I want to first start off by saying thank you for the opportunity to handle such an important and sensitive matter such as the internal control for the LJB Company. First and foremost I want you to be aware of the requirements of your company if you do decide to go public. The Sarbanes-Oxley Act of 2002 (SOX) which was passed by congress requires all publicly traded U.S corporations to maintain an adequate system of internal control. Corporate executives and boards of directors like yourself must ensure that these controls are reliable and effective. In addition, independent outside auditors must attest to the adequacy of the internal control system.
Companies that fail to comply are subject to fines, and company officers can be imprisoned. LJB Company is currently doing some things well that I suggest they continue. The use of pre-numbered invoices allows for missing or undocumented invoices to be caught quickly. This practice is considered a documentation procedure under internal controls. Having two managers approve new hires helps ensure a good fit. It’s good that the accountant completes bank reconciliation. While using a bank is a form of control for cash, the reconciliation enables LJB to make sure there are no errors between what the bank and what they have on the books.
There are a number of practices by LJB that don’t deter fraud and would need to be changed before considering going public. Segregation of duties: The duties for handling assets need to be separated amongst multiple employees. Employees that handle cash should not be involved in the bank reconciliation or invoices. Employees responsible for purchasing should not have any payment or reconciliation duties. By segregating duties, there is more than one person involved in the sales and purchasing cycle so that one person cannot be behind a fake transaction or remove cash or purchased assets without it being noticed by another. Access to assets: All employees should not have access to petty cash. The cash should be locked and those with a key should ensure proper documentation for cash distributed to be sure it is authorized.
The person responsible for reconciling the petty cash should do so randomly to deter its abuse. As far the indelible ink machine I see no problem printing your own checks as long as you use pre-numbered check stock paper to write the checks. Otherwise you will not know that you have accounted for every check written. Also, this is an area of responsibility that should be segregated. The person responsible for printing the checks should not have the authority to sign them. This will help insure they are not writing checks to themselves. LJB should consider purchasing the indelible ink printer once they have the manpower to have the duties segregated. By using indelible ink, the checks printed will be harder to change once printed, which is a good physical control of cash.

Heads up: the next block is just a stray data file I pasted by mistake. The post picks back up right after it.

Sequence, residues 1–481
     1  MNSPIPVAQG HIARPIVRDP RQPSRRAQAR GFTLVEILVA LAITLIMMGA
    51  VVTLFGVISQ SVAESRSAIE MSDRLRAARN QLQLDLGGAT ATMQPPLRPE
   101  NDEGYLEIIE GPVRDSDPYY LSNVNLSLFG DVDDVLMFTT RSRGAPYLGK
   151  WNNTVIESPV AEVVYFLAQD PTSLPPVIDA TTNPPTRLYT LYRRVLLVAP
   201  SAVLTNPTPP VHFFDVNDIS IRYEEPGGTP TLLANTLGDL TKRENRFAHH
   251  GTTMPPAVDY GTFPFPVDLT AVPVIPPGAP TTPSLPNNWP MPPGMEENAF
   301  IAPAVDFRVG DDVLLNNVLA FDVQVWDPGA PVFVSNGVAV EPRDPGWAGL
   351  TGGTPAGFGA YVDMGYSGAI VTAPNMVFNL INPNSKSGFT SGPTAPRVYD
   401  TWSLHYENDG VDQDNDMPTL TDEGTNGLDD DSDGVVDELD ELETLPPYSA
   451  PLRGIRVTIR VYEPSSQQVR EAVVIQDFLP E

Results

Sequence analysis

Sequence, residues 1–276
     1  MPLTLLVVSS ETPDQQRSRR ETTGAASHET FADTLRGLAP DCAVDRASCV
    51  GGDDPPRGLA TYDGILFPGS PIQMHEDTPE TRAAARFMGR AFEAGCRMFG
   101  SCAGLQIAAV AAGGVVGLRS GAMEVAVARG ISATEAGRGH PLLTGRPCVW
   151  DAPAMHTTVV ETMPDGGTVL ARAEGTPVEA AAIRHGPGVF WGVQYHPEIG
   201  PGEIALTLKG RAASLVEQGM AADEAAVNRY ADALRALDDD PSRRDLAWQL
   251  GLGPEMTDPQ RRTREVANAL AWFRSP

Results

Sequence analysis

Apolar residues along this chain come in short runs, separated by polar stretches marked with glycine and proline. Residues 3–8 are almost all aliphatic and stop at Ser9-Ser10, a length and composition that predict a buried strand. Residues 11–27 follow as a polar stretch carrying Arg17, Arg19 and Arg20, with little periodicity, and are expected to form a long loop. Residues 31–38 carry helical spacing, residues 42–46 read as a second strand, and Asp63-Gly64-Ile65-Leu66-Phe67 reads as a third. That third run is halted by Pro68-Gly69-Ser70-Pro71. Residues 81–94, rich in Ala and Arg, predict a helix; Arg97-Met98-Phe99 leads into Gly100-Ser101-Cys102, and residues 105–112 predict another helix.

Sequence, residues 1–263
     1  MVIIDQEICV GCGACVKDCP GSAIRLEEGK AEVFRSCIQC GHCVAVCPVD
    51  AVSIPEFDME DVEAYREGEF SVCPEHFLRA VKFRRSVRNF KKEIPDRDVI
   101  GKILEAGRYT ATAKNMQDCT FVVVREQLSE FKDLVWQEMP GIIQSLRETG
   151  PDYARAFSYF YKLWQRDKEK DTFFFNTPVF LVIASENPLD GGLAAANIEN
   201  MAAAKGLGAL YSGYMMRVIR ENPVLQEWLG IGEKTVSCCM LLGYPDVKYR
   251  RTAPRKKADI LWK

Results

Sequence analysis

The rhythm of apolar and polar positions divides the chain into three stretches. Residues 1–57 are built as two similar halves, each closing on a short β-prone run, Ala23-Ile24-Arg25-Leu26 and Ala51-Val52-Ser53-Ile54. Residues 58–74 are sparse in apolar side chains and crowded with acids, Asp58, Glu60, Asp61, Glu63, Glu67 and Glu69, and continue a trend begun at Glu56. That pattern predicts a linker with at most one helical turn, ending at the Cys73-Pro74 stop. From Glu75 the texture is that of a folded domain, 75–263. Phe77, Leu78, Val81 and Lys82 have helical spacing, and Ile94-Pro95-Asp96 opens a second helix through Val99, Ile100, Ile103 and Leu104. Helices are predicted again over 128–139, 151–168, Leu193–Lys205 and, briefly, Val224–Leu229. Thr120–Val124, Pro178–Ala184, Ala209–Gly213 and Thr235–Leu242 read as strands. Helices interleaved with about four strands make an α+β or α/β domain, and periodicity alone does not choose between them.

Paycheck Lock-Up: Although the accountant is locking the employee’s paychecks over the weekend, he should actually be locking them at all times. Anytime the accountant steps away from their desk and these checks are not locked, sensitive employee information is vulnerable. Background checks: I recommend that LJB implement the Human Resource control of conducting background checks of all employees before officially hiring.
This way they will discover if the potential employee has a past that could negatively impact the company (fraud, theft, other criminal activity) Passwords: Passwords are a key control preventing employees from accessing data outside of their duties and changing transaction data from initial amounts to cover up errors, fraud or theft. Everyone should have an individual password and not reveal it to another. Changing passwords periodically is a best practice. I hope that LJB finds this report helpful and that it prepares them for potentially going public.
Courtney from Study Moose
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